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View From The Top: Mathias Von Heydekampf, Managing Director, Synthax, Inc.

Having always been “fascinated” by music and audio, Mathias von Heydekampf—managing director of Synthax Inc., handling distribution of RME, Ferrofish, Alva and myMix in the Americas—has been involved in sonic pursuits throughout his career, beginning in his home country of Germany.

Having always been “fascinated” by music and audio, Mathias von Heydekampf—managing director of Synthax Inc., handling distribution of RME, Ferrofish, Alva and myMix in the Americas—has been involved in sonic pursuits throughout his career, beginning in his home country of Germany.

“[This fascination] might have had something to do with the fact that one of my father’s companies dealt with car hi-fi,” von Heydekampf recalls. “I have never done anything but sound. My first car was equipped with my father’s self-rigged car audio system; it had 36 speakers built inside so you could hear me come from miles away. After college, I started in the consumer field, working for Bose in Germany, where I learned a lot about marketing… just as my father told me I would.”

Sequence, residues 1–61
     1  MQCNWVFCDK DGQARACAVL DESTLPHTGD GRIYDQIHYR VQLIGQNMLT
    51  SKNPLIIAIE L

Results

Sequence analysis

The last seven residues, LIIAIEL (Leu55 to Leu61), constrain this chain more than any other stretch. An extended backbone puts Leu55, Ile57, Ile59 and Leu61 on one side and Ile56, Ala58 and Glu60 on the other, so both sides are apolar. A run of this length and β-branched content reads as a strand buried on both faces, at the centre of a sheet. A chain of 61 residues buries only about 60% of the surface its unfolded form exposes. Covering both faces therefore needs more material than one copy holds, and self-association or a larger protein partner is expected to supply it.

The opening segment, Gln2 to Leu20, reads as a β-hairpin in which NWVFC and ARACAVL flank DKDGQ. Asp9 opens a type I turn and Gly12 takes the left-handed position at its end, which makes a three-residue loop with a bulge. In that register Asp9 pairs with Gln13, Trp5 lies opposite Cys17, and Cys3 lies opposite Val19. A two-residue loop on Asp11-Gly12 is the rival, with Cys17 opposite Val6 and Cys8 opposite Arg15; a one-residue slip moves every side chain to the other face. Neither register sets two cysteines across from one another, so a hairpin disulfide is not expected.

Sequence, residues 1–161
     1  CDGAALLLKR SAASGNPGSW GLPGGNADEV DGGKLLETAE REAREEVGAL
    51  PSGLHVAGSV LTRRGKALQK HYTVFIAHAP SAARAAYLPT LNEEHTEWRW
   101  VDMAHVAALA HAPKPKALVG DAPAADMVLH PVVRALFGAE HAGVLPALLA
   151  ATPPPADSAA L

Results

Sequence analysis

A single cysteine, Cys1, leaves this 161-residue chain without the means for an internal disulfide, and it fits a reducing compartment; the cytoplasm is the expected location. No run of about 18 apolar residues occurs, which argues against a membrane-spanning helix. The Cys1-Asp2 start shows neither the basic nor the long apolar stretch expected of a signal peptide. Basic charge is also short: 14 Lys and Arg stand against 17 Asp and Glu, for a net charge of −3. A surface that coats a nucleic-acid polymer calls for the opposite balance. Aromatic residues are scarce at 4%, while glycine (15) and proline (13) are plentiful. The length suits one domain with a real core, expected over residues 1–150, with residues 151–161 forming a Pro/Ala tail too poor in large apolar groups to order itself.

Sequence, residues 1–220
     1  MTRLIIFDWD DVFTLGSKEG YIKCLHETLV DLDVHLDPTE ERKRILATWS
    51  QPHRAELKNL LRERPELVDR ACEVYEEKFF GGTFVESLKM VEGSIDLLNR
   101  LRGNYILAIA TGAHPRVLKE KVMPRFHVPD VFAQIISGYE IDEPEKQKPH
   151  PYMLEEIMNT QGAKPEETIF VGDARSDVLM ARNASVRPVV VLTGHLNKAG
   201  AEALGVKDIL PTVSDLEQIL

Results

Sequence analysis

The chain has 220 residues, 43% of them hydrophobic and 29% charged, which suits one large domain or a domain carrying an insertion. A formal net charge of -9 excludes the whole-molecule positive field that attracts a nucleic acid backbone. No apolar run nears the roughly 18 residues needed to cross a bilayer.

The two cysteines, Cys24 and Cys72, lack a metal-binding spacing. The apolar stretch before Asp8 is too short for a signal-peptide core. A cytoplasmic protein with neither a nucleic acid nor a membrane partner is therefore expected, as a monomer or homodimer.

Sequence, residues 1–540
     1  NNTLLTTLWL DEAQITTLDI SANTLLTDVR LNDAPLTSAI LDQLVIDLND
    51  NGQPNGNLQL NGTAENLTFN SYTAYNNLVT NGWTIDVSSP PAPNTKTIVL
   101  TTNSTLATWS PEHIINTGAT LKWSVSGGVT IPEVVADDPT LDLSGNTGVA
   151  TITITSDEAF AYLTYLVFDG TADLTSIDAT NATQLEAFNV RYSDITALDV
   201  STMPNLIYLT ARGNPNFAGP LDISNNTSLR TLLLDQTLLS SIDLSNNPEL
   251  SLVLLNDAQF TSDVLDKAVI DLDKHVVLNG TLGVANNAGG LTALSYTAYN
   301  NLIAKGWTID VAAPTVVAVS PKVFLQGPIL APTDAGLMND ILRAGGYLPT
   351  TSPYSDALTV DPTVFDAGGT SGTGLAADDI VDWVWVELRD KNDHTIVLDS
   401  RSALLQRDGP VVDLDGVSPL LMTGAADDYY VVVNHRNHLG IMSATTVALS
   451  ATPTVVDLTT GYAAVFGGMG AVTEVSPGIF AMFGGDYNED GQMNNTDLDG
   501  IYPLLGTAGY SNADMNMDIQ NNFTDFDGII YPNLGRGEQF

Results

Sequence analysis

At one point during his time at Bose, von Heydekampf was assigned to work with legendary drummer Vinnie Colaiuta, starting at Frankfurt’s colossal Musikmesse trade show and followed by a series of drum clinic tours. “I was a chauffeur during college, so Bose assumed I would be good in handling VIPs,” von Heydekampf continues. “I enjoyed this a lot, and Vinnie really opened my eyes to the power of music. By hearing all the different tones on the drums, I soon began hearing music differently. He actually tried to teach me to play the drums, but eventually gave up after recognizing I was a lost cause.”